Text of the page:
Today the Associated Press released a story about David Stern, a Florida foreclosure lawyer who became one of the nation’s top foreclosure lawyers.
“The Florida attorney general‘s economic crimes division is investigating three law firms, including Stern’s, over allegations that they created fraudulent legal documents, gouged homeowners with inflated fees, steered business to companies they owned and filed foreclosures without proving the bank actually had a legal interest in the loan. Florida authorities characterize the foreclosure process at these law firms as a “virtual morass” of “fake documents” and depicted Stern’s operations as something akin to the TV show “Lost” — only instead of people that went missing, it was paperwork. Stern’s employees churned out bogus mortgage assignments, faked signatures, falsified notarization and foreclosed on people without verifying their identities, the amounts they owed or who owned their loans, according to employee testimony. The attorney general is also looking at whether Stern paid kickbacks to big banks.”
Reading the above quote a prospective buyer should carefully understand what has transpired and how it could impact the purchase of a Naples foreclosure home. Not all foreclosed properties have had the same issues.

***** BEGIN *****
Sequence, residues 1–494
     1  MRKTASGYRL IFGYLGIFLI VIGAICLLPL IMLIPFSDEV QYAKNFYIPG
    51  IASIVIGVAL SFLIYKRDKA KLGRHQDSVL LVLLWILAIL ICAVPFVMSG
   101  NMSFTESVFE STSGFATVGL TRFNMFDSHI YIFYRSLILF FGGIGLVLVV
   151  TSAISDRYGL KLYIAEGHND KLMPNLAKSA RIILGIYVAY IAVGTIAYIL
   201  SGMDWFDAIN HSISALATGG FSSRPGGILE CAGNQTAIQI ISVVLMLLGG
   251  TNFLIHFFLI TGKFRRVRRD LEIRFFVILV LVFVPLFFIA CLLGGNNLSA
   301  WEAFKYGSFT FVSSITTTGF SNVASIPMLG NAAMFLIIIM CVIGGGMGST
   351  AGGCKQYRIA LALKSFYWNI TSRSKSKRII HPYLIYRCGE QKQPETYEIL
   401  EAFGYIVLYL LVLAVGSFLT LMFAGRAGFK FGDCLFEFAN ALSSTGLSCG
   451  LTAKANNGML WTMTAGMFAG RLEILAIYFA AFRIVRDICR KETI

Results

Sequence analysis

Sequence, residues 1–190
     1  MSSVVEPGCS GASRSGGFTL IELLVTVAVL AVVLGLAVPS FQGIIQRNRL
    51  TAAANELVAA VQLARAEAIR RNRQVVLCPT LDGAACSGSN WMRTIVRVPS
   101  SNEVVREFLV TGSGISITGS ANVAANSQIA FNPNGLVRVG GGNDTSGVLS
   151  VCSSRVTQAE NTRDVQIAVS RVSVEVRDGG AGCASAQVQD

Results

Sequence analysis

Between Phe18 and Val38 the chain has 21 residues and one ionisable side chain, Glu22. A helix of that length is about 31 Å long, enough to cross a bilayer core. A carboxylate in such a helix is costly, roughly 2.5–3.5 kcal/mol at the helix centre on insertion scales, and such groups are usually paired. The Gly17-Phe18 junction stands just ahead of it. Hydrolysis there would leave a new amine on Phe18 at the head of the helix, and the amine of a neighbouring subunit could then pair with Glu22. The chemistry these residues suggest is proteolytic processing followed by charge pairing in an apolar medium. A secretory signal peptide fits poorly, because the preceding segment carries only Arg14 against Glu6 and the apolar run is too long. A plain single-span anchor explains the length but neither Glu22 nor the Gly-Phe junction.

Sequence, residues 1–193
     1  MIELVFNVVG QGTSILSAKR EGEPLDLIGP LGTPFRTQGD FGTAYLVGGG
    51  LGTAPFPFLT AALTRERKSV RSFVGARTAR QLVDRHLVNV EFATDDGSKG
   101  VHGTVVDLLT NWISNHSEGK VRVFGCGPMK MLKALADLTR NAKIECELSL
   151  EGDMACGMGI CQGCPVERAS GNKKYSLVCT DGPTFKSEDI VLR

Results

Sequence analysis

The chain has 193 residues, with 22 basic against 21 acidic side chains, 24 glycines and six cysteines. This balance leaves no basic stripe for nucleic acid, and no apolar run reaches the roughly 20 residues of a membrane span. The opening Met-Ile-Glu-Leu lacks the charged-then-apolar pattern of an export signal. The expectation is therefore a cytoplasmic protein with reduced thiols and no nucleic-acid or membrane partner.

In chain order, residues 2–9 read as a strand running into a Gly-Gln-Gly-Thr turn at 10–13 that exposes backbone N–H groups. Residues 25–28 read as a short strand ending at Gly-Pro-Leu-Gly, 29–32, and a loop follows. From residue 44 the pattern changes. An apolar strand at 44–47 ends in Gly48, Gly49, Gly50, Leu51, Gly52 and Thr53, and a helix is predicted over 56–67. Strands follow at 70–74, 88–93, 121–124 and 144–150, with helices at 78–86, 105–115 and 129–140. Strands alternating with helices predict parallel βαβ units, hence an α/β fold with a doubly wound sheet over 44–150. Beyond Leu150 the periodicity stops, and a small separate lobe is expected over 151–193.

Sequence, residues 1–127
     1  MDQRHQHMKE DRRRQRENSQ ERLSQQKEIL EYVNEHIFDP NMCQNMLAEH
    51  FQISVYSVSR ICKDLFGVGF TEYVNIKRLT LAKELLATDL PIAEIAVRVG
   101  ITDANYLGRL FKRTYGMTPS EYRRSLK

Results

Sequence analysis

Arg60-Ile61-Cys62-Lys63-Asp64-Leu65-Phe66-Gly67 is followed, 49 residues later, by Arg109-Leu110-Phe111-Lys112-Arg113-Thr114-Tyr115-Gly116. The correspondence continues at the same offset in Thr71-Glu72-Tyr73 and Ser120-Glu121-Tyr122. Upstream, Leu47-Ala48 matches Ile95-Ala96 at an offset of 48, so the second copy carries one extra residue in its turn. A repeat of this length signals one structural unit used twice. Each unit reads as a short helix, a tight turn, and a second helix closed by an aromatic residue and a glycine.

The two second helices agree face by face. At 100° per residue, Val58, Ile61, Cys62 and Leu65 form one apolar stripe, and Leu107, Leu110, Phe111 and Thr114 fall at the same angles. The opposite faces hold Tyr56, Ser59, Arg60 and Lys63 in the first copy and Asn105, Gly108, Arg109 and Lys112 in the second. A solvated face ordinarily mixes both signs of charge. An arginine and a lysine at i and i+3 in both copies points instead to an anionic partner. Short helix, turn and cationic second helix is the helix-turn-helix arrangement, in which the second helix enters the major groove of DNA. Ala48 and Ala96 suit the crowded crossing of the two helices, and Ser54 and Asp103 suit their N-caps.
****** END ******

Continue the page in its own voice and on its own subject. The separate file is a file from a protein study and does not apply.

Many of the foreclosure mills are paid about $1,400 for each successful foreclosure.
With such a low fee, the foreclosure mills can steer the closing business to businesses (title companies) they own. Such was the case with David Stern.
A buyer looking to save some closing costs will utilize the services of a title company associated with a foreclosure mill or the attorney that handled the foreclosure, rather than engaging the services of a real estate attorney.
The article talks about fraudulent legal documents, bogus mortgage assignments, fake signatures, and falsified notarization. What if an attorney handling the foreclosure for a mortgage holder and the attorney owned the title company doing the closing would this information disclosed?
More importantly the title company in such an example does not represent the buyer.
Foreclosed properties can represent an excellent deal for the right buyer.
The buyer of a foreclosed property should utilize the services of a real estate attorney to represent their interests in the purchase. The real estate attorney will review the foreclosure case to determine if the process and documents were or are proper.
The services of a real estate attorney will be well worth the extra expense in the long run.
“Class-action lawsuits are gathering force, and, with increasing frequency, state judges are tossing out foreclosure suits in favor of homeowners.”
When you purchase a property as part of your closing costs you are buying an owner’s title insurance policy. The title insurance will cover your purchase up to the purchase price. The costs of the improvements and repairs you make to the property are not covered by the title insurance. Should the foreclosure be overturned in the future – you will receive only the price you paid for the property – nothing for the improvements and repairs.